Fantasy Baseball: Players off to Quick Starts That You Should Consider Adding

Andrew GouldFeatured ColumnistApril 12, 2013

Fantasy Baseball: Players off to Quick Starts That You Should Consider Adding

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    Quick starts can often provide fantasy baseball owners with false promise and unfilled dreams. In other cases, they hint at a pending breakout or a short-term solution.

    Chris Davis could become the second incarnation of Chris Shelton, but he’s well worth starting in the mean time before he eventually cools off.

    Although guys like Davis and Mike Morse should be accounted for in all leagues anyway, these players are still available in a chunk of leagues despite promising starts.

    Some are stop-gap options to use sparingly during a hot streak, but others could clear a permanent roster spot.

    Note: All statistics, unless otherwise noted, courtesy of FanGraphs.com

Mark Reynolds

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    Rely on Mark Reynolds for too long and you’re going to hate him, but he’s dangerous when he catches fire.

    Reynolds has smashed four homers so far in the early stages of 2013. Only striking out eight times in seven games is actually a positive step for the free-swinger.

    Although that .250 average will never last, such all-or-nothing hitters are prone to wild swings of hot and cold spells. He’ll probably hit .221 while striking out 200 times again, so don’t bank on him carrying your squad for 162 games.

    If you need someone to fill in for Brett Lawrie and David Freese while they sit on the disabled list, plug in Reynolds for a week or two.

Paul Maholm

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    So is Paul Maholm an ace now?

    The 30-year-old quietly yielded impressive results late last season for the Atlanta Braves, registering a 3.54 ERA, 1.19 WHIP and 59 strikeouts through 68.2 innings. That momentum persisted into the new season, where Maholm has won two scoreless outings.

    Is the lefty peaking late in his career? Over his last 30 starts, Maholm has posted a 3.09 ERA with a 7.02 K/9 ratio. That could just be an over-manipulation of data, but it wouldn't hurt to add him and find out.

    He’s currently owned in 68 percent of Yahoo! leagues, which leaves a bunch of managers who should grab him before it’s too late. Don’t expect Kris Medlen 2.0, but Maholm could serve as a solid back-end starter with sneaky potential for more.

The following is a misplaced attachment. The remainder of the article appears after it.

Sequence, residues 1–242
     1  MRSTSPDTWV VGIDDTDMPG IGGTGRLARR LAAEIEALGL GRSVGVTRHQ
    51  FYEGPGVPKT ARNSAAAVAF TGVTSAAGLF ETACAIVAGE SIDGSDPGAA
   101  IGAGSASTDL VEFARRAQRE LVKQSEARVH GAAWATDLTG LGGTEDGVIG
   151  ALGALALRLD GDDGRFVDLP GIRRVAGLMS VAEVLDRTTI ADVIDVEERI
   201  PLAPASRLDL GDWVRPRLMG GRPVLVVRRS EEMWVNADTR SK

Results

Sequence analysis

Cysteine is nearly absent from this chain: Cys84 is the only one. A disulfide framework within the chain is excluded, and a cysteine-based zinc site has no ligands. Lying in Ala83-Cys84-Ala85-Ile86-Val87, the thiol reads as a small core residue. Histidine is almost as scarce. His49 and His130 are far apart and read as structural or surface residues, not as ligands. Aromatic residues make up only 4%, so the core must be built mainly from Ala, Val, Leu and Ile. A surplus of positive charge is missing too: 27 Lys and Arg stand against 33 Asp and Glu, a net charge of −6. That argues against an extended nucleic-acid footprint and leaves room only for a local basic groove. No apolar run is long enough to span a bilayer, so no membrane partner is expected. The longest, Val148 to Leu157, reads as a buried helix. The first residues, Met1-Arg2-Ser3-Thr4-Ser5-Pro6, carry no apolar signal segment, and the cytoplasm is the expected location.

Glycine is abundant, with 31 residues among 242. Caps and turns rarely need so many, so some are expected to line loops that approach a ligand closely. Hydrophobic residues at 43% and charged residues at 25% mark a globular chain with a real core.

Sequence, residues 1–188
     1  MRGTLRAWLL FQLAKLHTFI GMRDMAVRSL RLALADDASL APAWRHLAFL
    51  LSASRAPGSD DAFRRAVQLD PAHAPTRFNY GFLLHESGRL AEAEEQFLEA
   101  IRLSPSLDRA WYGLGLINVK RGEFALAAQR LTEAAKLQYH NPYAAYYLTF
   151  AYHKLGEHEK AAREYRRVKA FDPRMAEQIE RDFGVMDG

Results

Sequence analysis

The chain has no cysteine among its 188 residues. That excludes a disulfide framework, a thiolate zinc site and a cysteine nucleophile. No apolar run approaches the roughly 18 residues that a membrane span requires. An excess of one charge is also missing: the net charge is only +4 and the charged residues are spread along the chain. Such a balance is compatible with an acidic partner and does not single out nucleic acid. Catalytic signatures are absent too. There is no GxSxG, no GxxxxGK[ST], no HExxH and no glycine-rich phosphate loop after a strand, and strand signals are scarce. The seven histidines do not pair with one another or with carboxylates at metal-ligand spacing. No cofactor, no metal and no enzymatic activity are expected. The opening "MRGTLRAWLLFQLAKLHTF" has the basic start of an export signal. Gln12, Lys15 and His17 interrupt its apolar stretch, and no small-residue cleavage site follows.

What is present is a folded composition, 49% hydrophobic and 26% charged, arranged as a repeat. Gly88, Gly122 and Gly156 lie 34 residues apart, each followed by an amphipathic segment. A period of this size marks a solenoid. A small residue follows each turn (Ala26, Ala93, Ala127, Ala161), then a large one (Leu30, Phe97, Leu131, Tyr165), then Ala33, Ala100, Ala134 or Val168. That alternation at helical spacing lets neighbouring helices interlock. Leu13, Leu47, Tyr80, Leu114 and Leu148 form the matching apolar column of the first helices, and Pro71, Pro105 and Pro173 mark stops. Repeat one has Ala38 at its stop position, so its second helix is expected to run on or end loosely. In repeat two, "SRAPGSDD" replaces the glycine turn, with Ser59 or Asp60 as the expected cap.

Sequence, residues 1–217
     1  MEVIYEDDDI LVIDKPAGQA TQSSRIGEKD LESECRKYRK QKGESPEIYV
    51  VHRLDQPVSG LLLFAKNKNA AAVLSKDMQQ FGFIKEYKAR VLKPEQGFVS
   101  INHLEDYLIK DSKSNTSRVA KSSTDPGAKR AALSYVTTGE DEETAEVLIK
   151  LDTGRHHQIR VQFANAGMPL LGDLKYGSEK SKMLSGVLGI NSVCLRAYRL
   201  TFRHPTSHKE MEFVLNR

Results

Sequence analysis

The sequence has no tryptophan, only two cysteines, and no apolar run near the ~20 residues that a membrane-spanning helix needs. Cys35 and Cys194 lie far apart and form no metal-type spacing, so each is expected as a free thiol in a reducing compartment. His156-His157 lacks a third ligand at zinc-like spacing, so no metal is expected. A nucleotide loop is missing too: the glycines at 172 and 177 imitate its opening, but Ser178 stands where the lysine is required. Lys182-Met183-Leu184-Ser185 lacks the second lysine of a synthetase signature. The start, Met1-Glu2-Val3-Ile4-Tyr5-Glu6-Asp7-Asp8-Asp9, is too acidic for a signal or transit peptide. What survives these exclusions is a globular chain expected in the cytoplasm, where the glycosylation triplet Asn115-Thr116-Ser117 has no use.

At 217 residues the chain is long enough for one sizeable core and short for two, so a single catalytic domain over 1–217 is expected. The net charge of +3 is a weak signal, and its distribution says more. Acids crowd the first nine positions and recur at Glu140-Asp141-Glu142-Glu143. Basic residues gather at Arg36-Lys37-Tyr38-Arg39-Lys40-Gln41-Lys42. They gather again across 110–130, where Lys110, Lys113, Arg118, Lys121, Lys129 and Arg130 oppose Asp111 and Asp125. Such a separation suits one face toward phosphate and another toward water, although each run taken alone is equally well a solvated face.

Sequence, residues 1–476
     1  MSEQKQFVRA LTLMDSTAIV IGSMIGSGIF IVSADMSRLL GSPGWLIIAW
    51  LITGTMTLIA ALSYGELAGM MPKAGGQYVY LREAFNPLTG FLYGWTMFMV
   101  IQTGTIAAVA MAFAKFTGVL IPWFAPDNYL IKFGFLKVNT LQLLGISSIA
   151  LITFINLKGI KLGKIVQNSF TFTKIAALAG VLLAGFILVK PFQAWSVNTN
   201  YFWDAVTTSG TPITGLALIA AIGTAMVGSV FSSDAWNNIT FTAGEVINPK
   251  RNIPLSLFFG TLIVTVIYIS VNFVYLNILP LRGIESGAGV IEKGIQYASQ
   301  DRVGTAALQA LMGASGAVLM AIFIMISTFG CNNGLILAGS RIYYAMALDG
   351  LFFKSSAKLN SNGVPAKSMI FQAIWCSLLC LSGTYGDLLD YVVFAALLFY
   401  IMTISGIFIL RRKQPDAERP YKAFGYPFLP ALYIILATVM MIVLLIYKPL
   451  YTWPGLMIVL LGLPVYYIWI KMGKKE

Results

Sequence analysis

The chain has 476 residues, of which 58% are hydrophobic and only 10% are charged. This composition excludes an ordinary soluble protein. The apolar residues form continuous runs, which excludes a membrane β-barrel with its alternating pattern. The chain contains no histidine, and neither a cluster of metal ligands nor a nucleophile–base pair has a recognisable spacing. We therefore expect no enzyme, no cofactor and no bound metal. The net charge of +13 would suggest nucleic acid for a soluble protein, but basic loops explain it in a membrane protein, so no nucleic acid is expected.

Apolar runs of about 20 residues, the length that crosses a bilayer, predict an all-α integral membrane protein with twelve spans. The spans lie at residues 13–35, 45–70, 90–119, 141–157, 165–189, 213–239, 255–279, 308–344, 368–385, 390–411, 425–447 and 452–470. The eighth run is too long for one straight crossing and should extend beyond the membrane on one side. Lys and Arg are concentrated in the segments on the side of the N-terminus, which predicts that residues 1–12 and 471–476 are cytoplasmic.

Daniel Murphy

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    He brings mediocre power and speed numbers to the table, with a 10/10 season existing as an optimistic projection. How’s that for a strong sell to add Daniel Murphy?

    If that doesn’t raise an eyebrow, consider that he’s still a second baseman who receives regular at-bats and can hit .300. Is that better?

    For those who participate in a standard 10-team mixed league with no middle infield slot and a shallow bench, ignore this. He’s of little use to you. But for those who can use some depth to alleviate early injuries and slumps, insert Murphy into your plans.

    The 28-year-old is hitting .303/.361/.636 and has already tallied two homers. Give Murphy a week to see if he stays hot.

Jose Fernandez

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    So much for being rushed to the majors far too soon.

    The Miami Marlins’ decided to jump Jose Fernandez up from Single-A to their big-league squad, which drew criticism from skeptics with common sense.

    Well, about that. In his debut against the New York Mets, Fernandez allowed one run through five superb innings, striking out eight batters while walking one.

    There are reasons to approach the 20-year-old with caution. As Miami showed during his first start, they will handle him with extreme care, which means he will frequently hand the ball over to a subpar bullpen after five or six innings.

    Also, one start does not put to rest any concerns of him holding up in the show throughout the season after skipping Double-A and Triple-A.